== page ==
canard

noun
ca·​nard | \ kə-ˈnärd also -ˈnär How to pronounce canard (audio) \

Definition of canard

1a : a false or unfounded report or story especially : a fabricated report The report about a conspiracy proved to be a canard.
b : a groundless rumor or belief the widespread canard that every lawyer is dishonest
2 : an airplane with horizontal stabilizing and control surfaces in front of supporting surfaces also : a small airfoil in front of the wing of an aircraft that can increase the aircraft's performance

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Synonyms for canard

Synonyms

story, tale, whisper

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Did You Know?

In 16th-century France "vendre des canards à moitié" was a colorful way of saying "to fool" or "to cheat." The French phrase means, literally, "to half-sell ducks." No one now knows just what was meant by "to half-sell"; the proverb was probably based on some story widely known at the time, but the details have not survived. At any rate, the expression led to the use of "canard," the French word for "duck," with the meaning "a hoax" or "a fabrication." English speakers adopted this "canard" in the mid-1800s. The aeronautical sense of "canard," used from the early days of flying, comes from the stubby duck-like appearance of the aircraft.

Examples of canard in a Sentence

The book repeats some of history's oldest canards. the widespread canard that every lawyer is dishonest

Recent Examples on the Web

There are many canards about that generation, but the most persistent is that the boomers were central to the social and cultural events of the nineteen-sixties. Louis Menand, The New Yorker, "The Misconception about Baby Boomers and the Sixties," 18 Aug. 2019 Trump aired this canard most recently during his ghastly rally Wednesday in North Carolina, where it was sandwiched in among openly racist chants. Los Angeles Times, "Column: How Obamacare brought health coverage to the people, in four amazing charts," 18 July 2019 But this claim, like the scaremongering around the 2002 United bankruptcy, is simply a canard. John Case, The New Republic, "An Economy in Waiting," 8 July 2019 The worst canard surrounding the Four Freedoms concerns the Freedom from Want picture. Brian T. Allen, National Review, "A Closer Look at Rockwell’s Four Freedoms," 22 June 2019 This age-old canard has been disproven time and time again, with recent data showing that states that raised their minimum wage between 2013 and 2017 had higher job growth than states that didn't. Chris Lu For Cnn Business Perspectives, CNN, "Congress hasn't raised the minimum wage in 3,614 days. It's time to put hard-working Americans first," 16 June 2019 Its design features 36 electric jet engines arrayed in rows on moveable flaps on the wings and front canards. Dan Neil, WSJ, "The First Flying-Car Review," 12 Sep. 2018 The aircraft, about the size of an F-16, is shaped to cancel the sonic boom by separating the shock waves with various lifting surfaces (like canards). Joe Pappalardo, Popular Mechanics, "Supersonic Airliners Are About to Take Off. Again.," 7 Jan. 2019 But the Koch brothers canard spooked enough progressive voters to defeat the measure. John Daniel Davidson, WSJ, "Austin Votes to Keep the Books Closed," 30 Nov. 2018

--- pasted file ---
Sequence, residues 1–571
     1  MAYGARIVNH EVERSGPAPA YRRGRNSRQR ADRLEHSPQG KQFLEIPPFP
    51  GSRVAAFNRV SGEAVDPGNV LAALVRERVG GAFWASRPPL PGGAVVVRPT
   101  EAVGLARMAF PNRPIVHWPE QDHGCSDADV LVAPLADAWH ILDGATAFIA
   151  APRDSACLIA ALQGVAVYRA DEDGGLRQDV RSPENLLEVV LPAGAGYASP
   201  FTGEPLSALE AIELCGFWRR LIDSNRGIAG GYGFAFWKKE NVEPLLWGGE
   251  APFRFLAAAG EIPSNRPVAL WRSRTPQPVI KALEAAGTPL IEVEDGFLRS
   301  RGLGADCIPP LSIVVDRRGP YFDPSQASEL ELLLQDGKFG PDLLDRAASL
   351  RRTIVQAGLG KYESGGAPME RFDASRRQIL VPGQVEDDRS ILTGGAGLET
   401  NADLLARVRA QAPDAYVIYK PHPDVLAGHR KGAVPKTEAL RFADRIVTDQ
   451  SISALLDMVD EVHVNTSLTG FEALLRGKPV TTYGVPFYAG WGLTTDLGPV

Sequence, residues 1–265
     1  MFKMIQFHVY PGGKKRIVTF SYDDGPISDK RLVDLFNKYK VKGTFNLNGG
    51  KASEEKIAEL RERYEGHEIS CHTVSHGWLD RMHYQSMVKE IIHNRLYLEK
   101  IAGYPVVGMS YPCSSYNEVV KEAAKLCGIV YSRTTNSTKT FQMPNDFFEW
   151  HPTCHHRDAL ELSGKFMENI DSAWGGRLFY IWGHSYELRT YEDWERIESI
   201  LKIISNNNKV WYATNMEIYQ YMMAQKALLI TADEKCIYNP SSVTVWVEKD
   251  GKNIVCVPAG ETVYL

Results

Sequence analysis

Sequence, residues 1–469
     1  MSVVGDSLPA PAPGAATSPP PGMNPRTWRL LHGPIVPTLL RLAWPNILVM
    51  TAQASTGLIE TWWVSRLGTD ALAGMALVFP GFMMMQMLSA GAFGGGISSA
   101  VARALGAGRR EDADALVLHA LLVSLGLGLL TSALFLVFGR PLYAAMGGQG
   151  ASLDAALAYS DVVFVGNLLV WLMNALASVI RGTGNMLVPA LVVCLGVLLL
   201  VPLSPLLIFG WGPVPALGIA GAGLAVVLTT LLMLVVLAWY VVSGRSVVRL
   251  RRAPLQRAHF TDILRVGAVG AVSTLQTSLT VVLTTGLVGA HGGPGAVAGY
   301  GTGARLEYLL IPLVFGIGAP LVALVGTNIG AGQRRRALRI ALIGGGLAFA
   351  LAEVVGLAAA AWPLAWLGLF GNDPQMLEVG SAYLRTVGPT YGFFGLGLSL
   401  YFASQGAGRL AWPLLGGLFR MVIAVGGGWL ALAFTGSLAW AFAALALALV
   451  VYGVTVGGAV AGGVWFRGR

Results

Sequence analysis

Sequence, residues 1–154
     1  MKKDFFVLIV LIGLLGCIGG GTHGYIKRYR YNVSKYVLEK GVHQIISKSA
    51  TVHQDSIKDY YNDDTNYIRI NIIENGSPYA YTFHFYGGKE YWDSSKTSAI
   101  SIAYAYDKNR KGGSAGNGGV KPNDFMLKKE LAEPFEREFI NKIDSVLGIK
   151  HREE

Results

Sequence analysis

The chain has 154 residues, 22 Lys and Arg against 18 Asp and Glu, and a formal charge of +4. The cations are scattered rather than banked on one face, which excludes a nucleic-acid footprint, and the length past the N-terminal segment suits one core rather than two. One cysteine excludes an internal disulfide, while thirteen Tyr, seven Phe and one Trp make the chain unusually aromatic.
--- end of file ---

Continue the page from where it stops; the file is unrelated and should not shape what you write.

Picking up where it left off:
These example sentences are selected automatically from various online news sources to reflect current usage of the word 'canard.' Views expressed in the examples do not represent the opinion of Merriam-Webster or its editors. Send us feedback.

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First Known Use of canard

1851, in the meaning defined at sense 1a

History and Etymology for canard

French, literally, duck; in sense 1, from Middle French vendre des canards à moitié to cheat, literally, to half-sell ducks

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Dictionary Entries near canard

canao

canapé

canapina

canard

Canarese

canari

Canarium

Statistics for canard

Last Updated

15 Sep 2019

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Time Traveler for canard

The first known use of canard was in 1851

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More Definitions for canard

canard

noun

English Language Learners Definition of canard

formal : a false report or story : a belief or rumor that is not true

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